On a tour of the three small but attractive zones in the Boulevard Town

Among the charms of Puducherry's Boulevard Town (BT) and its immediate periphery are its small area and the variety to be found in that small area. There are roughly ten distinct precincts, all within walking distance of each other. On the east side of the canal are three zones. One, the French Quarter south of the park, has seen its attractiveness decline as uncoordinated individual and commercial decisions steadily erode the pleasure of walking in its once architecturally harmonious streets. It's almost time to stop wringing our hands about this, and accept it as an irreversible fact. On the other hand, one of the most attractive parts of the BT is the Ashram Quarter with its architectural integrity and the coming and going of its inmates and visitors.

Withering beauty

The park is a success in a more important sense: people are enjoying it as never before. Skeptics may wonder whether the new gloss will be maintained or, in line with a venerable tradition, largely allowed to deteriorate. There are already signs that what is broken in the new park seems to stay broken. But just as the park has its wonderful "inconsistent pockets" (the Balaji shrine in its southeast corner and the old French bandstand across the street, for example), the apparently uniform Ashram Quarter has some surprising corners not painted in anything like grey and white.One such pocket lies along the canal between Patel (North) Boulevard and Lally Tollendal Street. This would be a nice place to live, and it is a nice place to visit. We start our tour with the Sri Aurobindo Ashram paper unit, which makes handmade (including art and marbled) paper from cotton stock in a charming "Hobbit industrial atmosphere" you can visit between 8.30 a.m. and 12 noon and 1.30 p.m. and 5 p.m., except Sundays. Heading south along the canal is a small market that summons up images of the novelist R.K. Narayan's Malgudi. The women of this makeshift market sit comfortably under large trees selling small portions of vegetables and flowers to people, including Ashramites. Just south again are semi-shaded and, at night, ill-lit petanque pitches. Petanque is a game that is French in origin but Pondy to the core. It might even trump cricket among the hundreds of men, old and young, who play it. There are numerous pitches and competing teams all over the town. This space is one of the most frequented and accessible. You are free to watch the game as long as you don't distract the players who are intent on the play and their own comradeship, and oblivious to all else, including spectators. Petanque is played by two sides of three players each. Some specialise in rolling and others in lobbing the two metal balls each plays and treasures. (Some of the balls, still made in France, have been in families for generations). The object of the game is to win 15 points in various rounds. Points are won by whichever side is successful at the end of each round in positioning a ball closest to the small wooden ball, which is tossed out to begin each round. That side then scores one point for each of its balls closer to the wooden ball than any of those of the other side. The other side scores nothing in that round. The maximum number of points in each round is 6 but even scores of 4 and 5 are rare. There are nuances in rules and strategy that you may be able to deduce from patient observation.The religion called cricket is practised on Sundays and other holidays on a large sandy rectangle just south of the petanque pitch. This space has occasional performances on the large proscenium stage built by the government long ago to clean up what was a derelict space. To the east lies Lally Tollendal Street. We salute this 18th Century French soldier both for his name with all its mellifluous "Ls" and for the fact that he was posthumously pardoned after having been beheaded on his return to France for military reverses in India. "Guilty" - chop - "sorry".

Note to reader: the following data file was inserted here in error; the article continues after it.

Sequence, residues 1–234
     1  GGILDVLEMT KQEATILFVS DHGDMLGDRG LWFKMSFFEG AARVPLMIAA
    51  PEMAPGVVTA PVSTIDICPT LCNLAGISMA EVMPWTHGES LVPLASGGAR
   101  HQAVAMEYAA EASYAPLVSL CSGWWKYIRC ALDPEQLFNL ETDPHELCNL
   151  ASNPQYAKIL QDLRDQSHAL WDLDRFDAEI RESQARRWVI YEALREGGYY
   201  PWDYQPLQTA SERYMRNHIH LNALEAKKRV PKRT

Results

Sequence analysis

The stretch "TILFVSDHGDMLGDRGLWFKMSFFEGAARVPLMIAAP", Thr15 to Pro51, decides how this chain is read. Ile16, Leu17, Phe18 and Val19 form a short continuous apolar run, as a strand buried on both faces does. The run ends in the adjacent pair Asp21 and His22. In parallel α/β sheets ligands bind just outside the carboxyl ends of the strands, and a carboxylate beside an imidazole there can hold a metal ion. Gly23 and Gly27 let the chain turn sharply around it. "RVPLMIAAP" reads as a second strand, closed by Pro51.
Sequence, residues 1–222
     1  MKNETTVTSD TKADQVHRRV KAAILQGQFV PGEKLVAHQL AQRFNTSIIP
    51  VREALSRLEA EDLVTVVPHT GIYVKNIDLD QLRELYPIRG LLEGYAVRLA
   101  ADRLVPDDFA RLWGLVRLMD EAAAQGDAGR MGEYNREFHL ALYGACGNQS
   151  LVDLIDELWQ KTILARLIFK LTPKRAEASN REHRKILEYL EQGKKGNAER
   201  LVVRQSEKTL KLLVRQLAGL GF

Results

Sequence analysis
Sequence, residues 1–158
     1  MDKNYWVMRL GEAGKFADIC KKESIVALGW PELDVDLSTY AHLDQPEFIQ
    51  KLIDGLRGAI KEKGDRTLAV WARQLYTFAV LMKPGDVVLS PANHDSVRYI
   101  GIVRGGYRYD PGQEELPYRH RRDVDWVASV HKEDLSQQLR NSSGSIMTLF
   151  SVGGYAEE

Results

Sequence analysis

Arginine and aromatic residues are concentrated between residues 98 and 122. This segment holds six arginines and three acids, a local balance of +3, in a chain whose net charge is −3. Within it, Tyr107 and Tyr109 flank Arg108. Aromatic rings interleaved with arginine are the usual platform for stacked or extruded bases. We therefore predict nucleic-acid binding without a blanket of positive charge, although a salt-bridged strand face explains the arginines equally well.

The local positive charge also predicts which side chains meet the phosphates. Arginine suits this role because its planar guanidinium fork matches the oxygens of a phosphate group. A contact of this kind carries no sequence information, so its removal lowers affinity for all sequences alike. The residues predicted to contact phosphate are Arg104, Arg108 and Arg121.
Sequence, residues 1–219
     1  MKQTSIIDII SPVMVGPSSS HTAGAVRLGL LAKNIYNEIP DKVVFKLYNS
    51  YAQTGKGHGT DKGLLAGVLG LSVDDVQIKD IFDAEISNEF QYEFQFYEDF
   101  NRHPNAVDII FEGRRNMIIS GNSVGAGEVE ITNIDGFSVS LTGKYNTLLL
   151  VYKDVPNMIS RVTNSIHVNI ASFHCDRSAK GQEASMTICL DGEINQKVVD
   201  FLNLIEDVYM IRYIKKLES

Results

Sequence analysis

Home to ashrams

Given the spatial and historical prominence of the renowned Sri Aurobindo Ashram, it is easy to forget that Pondy has quite a number of ashrams, all of them interesting for their founders' visions and programmes. One such is the Ramakrishna Ashram on Lally Tollendal, worth a look in for its activities alone. Next door is the small gate of a largely forgotten and slightly forlorn shrine complex believed to have been established in the early 19th Century as a garden associated with the famous Sri Kalatheeswaran Kovil on Mission and Kosakadai Streets. It is open from 7 to 11 in the morning and from 5 to 9 in the evening, and you are welcome to drop by to view shrines to Lord Vinayaka, Hanuman and the "Forest Lake" Goddess in the pipul tree at the entrance. There is also an old granite stepped tank so completely covered by green vegetative matter that you might be tempted to walk on it. It's easy to imagine what a wonderful and sacred space this would be once tidied up and returned to its earlier form of shrines in a garden. PETER RICHARDS